Reaching Back to Get It and Bring It Forward: The Sankofa Global Project

05/09/2016 11:46 am ET Updated May 10, 2017

Recently my beautiful 25 year old daughter, who grew up in Manhattan, moved back to New York City after attending college and working in another state. She rented a room in Brooklyn in a big house with five roommates. She told me, "I still have friends here, but I want to meet more people. A lot of people come to New York because they're the best and brightest and they're ambitious; they want to accomplish important things. That's why I wanted a house with a lot of roommates, to start to meet more of these people."

I thought of her words when I received an invitation from Tracy Gray, Founder and President of The Sankofa Global Project, to attend New York State Senator Kevin S. Parker's breakfast award ceremony. Tracy Gray is going to be honored as a community educational leader for her work with The Sankofa Global Project, a dynamic not-for-profit organization whose mission is to increase the number of women and people of color in Science, Technology, Engineering, Art, and Math (S.T.E.A.M.). She had been my daughter's kindergarten teacher, all those years ago, and she's one of those best and brightest people with the ambition to accomplish important--even crucial--things.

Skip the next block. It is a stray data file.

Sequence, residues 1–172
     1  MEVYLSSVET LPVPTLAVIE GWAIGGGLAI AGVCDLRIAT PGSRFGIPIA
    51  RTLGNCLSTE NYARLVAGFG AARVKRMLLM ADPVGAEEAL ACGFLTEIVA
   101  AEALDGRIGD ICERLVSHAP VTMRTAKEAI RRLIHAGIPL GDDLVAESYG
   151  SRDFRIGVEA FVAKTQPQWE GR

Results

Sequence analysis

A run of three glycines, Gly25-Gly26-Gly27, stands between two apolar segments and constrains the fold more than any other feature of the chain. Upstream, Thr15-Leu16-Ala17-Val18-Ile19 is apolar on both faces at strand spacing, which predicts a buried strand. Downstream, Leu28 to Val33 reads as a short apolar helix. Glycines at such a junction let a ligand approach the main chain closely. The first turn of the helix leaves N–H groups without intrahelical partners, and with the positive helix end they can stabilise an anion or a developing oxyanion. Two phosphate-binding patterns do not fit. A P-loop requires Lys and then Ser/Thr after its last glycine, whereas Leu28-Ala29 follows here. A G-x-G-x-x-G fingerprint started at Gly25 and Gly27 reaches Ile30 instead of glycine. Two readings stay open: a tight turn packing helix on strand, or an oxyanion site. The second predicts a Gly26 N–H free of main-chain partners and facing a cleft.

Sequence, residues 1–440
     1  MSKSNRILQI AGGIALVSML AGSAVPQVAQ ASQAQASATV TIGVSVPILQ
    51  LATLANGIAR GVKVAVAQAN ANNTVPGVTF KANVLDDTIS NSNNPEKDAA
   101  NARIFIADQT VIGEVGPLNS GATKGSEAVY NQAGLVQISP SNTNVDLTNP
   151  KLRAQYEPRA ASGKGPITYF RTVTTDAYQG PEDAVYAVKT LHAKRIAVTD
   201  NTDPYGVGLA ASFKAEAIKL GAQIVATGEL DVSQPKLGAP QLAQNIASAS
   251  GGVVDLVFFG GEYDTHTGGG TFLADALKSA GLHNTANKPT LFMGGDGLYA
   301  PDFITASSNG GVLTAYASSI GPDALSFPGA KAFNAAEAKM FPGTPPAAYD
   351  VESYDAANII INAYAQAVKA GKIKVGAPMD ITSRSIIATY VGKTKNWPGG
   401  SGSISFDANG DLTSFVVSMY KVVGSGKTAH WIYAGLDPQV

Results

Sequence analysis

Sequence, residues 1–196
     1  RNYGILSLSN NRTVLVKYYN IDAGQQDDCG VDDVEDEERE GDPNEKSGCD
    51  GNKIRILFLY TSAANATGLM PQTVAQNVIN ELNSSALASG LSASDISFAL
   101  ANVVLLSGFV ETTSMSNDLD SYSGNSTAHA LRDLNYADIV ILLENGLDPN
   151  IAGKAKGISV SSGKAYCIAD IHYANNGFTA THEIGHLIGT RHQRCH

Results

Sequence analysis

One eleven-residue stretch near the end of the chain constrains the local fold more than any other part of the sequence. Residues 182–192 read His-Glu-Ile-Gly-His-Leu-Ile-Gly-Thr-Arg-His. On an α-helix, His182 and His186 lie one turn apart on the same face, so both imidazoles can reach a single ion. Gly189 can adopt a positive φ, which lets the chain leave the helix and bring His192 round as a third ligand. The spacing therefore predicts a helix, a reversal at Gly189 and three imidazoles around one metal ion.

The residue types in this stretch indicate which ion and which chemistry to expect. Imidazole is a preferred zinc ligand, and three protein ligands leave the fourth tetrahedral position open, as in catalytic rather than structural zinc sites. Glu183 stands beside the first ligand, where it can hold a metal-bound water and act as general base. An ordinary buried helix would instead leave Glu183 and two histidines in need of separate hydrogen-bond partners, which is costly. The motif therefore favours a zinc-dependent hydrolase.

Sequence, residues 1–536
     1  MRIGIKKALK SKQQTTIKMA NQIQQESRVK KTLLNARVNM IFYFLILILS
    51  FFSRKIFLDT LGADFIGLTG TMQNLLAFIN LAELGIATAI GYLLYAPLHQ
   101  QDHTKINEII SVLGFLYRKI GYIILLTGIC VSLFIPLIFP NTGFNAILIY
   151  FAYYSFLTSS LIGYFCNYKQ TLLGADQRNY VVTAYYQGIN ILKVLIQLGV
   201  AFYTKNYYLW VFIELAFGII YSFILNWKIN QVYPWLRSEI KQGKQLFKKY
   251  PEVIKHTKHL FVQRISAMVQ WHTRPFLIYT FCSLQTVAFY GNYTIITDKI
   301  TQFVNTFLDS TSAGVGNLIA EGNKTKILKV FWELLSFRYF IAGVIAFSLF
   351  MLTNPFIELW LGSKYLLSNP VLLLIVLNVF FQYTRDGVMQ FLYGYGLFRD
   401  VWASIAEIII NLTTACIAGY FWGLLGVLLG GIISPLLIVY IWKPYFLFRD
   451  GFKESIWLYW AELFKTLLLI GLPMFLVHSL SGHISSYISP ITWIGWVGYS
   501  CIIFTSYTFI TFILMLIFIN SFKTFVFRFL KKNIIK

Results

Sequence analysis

When I first met her, Gray was a teacher at my daughter's independent school. Gray was kind and warmly encompassing while also being strict, fair, and creative. She was precisely the teacher every parent wants for their munchkin just starting an academic career.

We had a mutual friend, another mom, another one of those dynamic change-the-world people, and we saw each other a few times outside of school. Over the years I heard good things about her career. Last year we got back in touch and I invited Tracy Gray to be a guest on my BlogTalkRadio show, Independent Artists & Thinkers.

Gray perfectly personifies the independent thinker. She started her career in an underrepresented community where she discovered that she needed to learn how to teach. That discovery set her on a journey as an educator, and she devoted her career to developing interdisciplinary curricula by creating and directing diversity and intercultural programs. She studied progressive educators and worked both as a teacher and as an administrator; she was always designing programs for diversity as well as for Science, Technology, Engineering, Art, and Mathematics.